Many of us like to shop, but aside from the occasional trip to the mall, what happens when your spending gets out of control? I sometimes help my clients create healthier shopping habits by arming them with the tools needed to resist the urge to make purchases that they might regret later. Changing our perspective on shopping takes time and determination, and for most of us, some things are easier to resist than others. What one item or type of item still holds a strong grasp on your ability to make rational decisions? What makes you want to grab for your wallet regardless of cost or need, and how do you resist the urge to buy?
These 4 simple techniques might help save the day, and your money, when you feel a bout of binge shopping approaching:
If you still feel the urge to make a purchase after trying all these techniques, then it’s quite possible that the money might not be so haphazardly spent after all.
As I continue to work with clients and help them with their organizing challenges, I am seeing a high level of synergy between excessive clutter and depression. I see a vicious cycle occurring where the feeling of loss of control or depression leads to low motivation for household and lifestyle related chores, resulting in a buildup of clutter. This clutter then causes anxiety and fuels depression in a very vicious and unsettling cycle. It's one that is rarely broken without the intervention of another person, process or experience.
In one of her articles in Psychology Today, psychologist and writer Sherrie Bourg Carter perfectly captured the list of side effects stemming from clutter. “Why does mess lead to so much stress?
I know firsthand the negative effects of having too much clutter in your life. I also know the grounding sense of freedom that can be achieved in a clutter-free environment. Clearing out the clutter can literally change your perspective, attitude and motivation in an instant. Like magic, it will clear a pathway, both literally within your home and figuratively within every other aspect of your life. Seeing the positive changes in motion through the work I do with my client’s is what gets me up in the morning every day.
If you are living amidst a great deal of clutter and disorganization, you don’t have to remain hostage to your belongings. Call me, call another organizer or enlist a friend. Involve others and commit to “digging out.” The hard work of moving, sorting, arranging and letting go will be a small and temporary hurdle that, once accomplished, will lead to a new awakening of the inner you. Your anxiety, stress and feelings of depression will be greatly improved, and the air will feel lighter all around you. Come on, I dare you to give it a try!
Remember that old saying “it’s just like riding a bike”? I have no idea who coined it, but it was meant to draw a comparison to activities that were deeply rooted in the muscle memory gained from lots of practice. The idea was that, if you practiced enough, riding your bike would become like second nature. If you practiced enough, you could train your body to ride with a lot less thought or effort. And if that bike sat rusty in the garage for 10 years, because you had put forth the effort to practice years before, the idea was that you could jump back on and ride away into the sunset as if only mere seconds had passed since your last pedal session.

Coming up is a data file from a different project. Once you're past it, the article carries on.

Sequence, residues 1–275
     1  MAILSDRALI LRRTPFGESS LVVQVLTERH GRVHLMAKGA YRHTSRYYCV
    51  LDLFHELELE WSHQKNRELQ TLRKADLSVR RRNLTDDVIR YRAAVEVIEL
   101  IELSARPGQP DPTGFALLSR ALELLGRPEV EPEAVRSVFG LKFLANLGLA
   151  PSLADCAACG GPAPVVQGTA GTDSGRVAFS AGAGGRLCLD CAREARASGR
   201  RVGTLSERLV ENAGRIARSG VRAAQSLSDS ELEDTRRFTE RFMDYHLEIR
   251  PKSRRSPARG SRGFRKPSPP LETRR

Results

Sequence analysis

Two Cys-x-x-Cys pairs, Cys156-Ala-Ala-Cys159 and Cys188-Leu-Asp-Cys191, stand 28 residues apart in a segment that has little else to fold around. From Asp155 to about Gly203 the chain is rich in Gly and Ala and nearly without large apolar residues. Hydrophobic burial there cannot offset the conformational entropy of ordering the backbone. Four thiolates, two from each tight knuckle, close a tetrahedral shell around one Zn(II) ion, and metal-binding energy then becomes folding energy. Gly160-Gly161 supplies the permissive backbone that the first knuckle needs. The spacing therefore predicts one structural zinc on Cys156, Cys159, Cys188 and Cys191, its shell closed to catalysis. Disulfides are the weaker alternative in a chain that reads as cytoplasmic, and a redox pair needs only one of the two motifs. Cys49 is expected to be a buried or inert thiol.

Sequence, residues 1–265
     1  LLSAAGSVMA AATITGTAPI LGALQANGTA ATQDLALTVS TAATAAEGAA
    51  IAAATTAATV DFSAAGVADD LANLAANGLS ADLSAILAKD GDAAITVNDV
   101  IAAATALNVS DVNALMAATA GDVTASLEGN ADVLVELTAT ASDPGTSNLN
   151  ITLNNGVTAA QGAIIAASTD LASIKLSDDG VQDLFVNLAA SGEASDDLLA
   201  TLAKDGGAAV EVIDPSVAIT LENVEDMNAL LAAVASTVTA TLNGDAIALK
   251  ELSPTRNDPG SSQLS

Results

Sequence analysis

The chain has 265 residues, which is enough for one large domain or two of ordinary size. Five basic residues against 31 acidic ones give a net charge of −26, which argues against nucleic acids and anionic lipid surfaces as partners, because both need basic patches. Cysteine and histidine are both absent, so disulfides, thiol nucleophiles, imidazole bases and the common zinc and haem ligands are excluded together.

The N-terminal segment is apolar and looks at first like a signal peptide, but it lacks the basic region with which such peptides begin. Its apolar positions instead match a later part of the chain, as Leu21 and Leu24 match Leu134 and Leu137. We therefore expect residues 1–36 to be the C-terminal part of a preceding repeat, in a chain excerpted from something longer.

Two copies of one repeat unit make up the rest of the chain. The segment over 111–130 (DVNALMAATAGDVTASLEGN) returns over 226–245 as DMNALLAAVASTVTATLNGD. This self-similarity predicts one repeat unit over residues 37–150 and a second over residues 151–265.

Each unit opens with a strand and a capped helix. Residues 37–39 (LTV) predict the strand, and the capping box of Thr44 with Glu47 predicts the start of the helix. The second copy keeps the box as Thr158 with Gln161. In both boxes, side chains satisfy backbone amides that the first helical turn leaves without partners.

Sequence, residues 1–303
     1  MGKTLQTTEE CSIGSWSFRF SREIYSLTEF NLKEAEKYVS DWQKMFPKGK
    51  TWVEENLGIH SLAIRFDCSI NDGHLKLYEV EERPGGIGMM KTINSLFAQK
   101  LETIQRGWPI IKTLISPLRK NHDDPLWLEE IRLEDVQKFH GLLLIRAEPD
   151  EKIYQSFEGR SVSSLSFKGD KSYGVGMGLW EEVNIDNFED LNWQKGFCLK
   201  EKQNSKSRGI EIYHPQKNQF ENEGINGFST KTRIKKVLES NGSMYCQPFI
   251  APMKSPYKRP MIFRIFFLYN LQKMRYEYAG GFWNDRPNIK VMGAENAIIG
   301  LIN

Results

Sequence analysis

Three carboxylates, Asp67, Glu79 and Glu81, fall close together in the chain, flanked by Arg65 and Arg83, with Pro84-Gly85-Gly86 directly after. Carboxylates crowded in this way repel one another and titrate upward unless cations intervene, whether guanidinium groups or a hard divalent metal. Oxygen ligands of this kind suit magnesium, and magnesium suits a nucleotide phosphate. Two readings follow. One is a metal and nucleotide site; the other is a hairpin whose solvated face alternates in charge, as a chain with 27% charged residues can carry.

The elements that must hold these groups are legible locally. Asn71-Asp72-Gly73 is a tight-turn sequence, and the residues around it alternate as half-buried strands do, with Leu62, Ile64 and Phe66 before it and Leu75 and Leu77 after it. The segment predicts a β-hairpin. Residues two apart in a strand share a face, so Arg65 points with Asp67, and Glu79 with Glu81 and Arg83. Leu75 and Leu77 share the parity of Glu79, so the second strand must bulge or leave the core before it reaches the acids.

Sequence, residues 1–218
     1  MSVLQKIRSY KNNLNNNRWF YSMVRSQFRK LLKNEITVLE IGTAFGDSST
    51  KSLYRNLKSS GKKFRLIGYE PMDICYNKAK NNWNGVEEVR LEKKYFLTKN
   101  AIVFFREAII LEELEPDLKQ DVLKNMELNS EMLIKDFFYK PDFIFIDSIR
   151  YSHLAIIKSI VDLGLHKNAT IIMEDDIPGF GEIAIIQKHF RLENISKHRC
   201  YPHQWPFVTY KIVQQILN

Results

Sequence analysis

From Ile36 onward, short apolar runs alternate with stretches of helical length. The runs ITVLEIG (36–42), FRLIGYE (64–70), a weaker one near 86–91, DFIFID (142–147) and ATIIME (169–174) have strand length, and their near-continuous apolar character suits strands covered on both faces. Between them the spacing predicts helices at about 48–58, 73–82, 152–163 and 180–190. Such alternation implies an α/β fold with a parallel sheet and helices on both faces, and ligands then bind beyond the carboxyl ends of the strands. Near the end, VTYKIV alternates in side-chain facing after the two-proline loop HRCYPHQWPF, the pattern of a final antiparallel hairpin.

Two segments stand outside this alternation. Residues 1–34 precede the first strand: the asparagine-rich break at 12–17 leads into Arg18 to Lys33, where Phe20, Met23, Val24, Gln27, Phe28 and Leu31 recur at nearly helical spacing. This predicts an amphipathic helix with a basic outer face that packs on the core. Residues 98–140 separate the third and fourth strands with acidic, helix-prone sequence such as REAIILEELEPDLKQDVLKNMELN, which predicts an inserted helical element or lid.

People ask me a lot about the best ways to stay organized. Cleaning up and out seems to be the easy part, but now that the house is beautiful and everything is put away in its place, how do we keep it this way? Depending on how far removed your new organizing behavior is from your old habits, staying organized is going to take the same vigor and endurance as it took to learn to ride that bike years ago.
For example, if you always lose your keys around the house, and we implement a new process to hang them on a hook by the door when you enter, you will need to make the conscious effort to actually do it…every time. It takes practice, and more practice until eventually hanging the keys on the hook becomes second nature and engrained in your muscle memory. Suddenly hanging the keys on the hook will feel like an easy routine, and the process will no longer be a strain on your brain power and intention as you arrive home tired from work each night. The thing to remember is that there will be work involved. I unfortunately can’t wave a magic wand to “cure” us of our poor organizing habits and replace them with ones that work better for our lives. If I could, I would be the first to wave it over my own house!
There are a lot of schools of thought out there around best practices for forming habits and the importance of considering things like learning styles, motivators and goals. Developing new habits to stay organized will take time, support and accountability from family and friends, as well as a focused desire from whoever is embarking on this mission. I have lots of tricks up my sleeve to help move this process along for each client, but the overarching theme to remember is that practice makes perfect. You are going to have to conjure up the focus, intention and willpower to practice, but once mastered, your new habits really will be just like riding a bike!